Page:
Three long ages of peace across both Aman and Middle-earth were broken after the release of Melkor. He sowed lies and dissent among the Elves in Valinor, and then engineered the destruction of the Two Trees that filled the land of the Powers with their Light. Stealing the Silmarils from the vaults of Fëanor, the Dark Lord escaped to Middle-earth, with Fëanor leading the Noldor in pursuit. At this time the Powers of the World gathered what Light remained of the Two Trees to form the Sun and the Moon, and set them aloft over the world. They did not themselves pursue Melkor across the Sea, instead fortifying the West against any possible further attack.

At this time the Powers of the World took no hand in the events in Middle-earth, leaving the rebellious Noldor to face Melkor without aid. Meanwhile, far away in the East of Middle-earth, the first Men were awakening in the land of Hildórien. Unlike the Elves, however, no emissary of the Valar travelled to greet the first Men. The only Power they encountered was Melkor, though some refused to worship the Dark Lord and wandered away westwards. The descendants of these travellers would eventually reach Beleriand and join the Eldar in their struggles. Nonetheless, unlike the Elves, few Men ever had dealings with the Powers of the World, and had little understanding of their purposes.

At last, after more than five centuries, the Powers were persuaded to intervene. One of their own, Ulmo, first attempted to sway them without success, but when Eärendil the Mariner made the journey from Middle-earth to Aman to plead for their aid, they were moved to grant his request. A huge force was sent across the Sea and the Dark Lord, who had been on the point of victory, was suddenly embroiled in a new and unforeseen battle. This War of Wrath saw Melkor defeated and finally cast out of the world altogether, but it also shattered the lands of Middle-earth, drowning Beleriand beneath the Sea.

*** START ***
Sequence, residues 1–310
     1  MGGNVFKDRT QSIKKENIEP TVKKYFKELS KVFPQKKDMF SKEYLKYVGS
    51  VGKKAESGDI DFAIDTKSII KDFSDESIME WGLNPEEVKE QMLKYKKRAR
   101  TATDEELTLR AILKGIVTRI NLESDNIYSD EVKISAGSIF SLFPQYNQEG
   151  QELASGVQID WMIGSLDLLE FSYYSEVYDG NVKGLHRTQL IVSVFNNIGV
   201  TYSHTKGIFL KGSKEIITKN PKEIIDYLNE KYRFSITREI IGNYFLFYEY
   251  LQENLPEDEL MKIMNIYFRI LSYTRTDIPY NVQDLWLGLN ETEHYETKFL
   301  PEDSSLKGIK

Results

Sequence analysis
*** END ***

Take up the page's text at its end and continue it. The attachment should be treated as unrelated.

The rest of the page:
After the End of the Elder Days

The final defeat of Melkor and the destruction of Beleriand brought the First Age - otherwise known as the Elder Days - to an end. Those mortal Men who had joined the effort against the Dark Lord were rewarded by the Valar, who raised a new island from the Great Sea to be their home. This was the foundation of Númenor, a prosperous realm that lay far to the west of the coasts of Middle-earth, within distant sight of Tol Eressëa and the Blessed Realm. Though these Númenóreans were granted lifespans far in excess of most mortals, the Powers were concerned that they might become envious of the bliss of Aman. They therefore established the Ban of the Valar, prohibiting the people of Númenor from sailing westward to the lands of the Powers.